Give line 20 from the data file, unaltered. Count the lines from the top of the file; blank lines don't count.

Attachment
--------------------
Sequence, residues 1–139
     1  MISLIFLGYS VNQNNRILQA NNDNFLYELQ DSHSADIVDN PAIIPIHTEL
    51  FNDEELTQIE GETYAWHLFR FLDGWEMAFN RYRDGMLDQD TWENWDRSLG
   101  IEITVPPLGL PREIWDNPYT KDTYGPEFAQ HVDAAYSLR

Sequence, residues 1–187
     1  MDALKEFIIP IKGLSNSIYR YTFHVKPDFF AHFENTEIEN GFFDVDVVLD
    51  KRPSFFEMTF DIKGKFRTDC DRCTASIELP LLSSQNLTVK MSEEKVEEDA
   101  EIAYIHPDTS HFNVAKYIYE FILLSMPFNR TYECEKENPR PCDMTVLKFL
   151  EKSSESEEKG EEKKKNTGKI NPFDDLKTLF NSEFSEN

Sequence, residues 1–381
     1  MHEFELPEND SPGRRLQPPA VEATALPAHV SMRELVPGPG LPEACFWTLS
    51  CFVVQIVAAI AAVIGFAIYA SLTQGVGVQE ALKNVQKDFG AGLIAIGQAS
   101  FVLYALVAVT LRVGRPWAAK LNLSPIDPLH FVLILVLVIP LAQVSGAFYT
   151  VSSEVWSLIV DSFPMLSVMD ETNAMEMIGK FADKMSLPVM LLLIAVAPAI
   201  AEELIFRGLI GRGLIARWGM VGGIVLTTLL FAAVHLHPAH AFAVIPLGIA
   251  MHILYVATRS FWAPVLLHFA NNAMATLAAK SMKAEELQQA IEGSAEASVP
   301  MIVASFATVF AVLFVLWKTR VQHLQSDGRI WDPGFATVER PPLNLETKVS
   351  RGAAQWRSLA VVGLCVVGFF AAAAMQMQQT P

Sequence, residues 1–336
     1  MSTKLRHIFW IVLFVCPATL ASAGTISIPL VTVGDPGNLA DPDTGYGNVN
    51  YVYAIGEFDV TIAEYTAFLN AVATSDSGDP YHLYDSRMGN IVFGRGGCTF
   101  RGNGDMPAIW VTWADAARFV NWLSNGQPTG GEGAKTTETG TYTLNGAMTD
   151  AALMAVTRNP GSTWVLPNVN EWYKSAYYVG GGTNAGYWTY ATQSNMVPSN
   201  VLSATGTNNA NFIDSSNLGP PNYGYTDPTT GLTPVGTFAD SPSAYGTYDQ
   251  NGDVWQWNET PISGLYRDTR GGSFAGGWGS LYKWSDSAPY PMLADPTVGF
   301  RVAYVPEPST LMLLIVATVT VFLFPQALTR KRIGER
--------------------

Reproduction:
     1  MSTKLRHIFW IVLFVCPATL ASAGTISIPL VTVGDPGNLA DPDTGYGNVN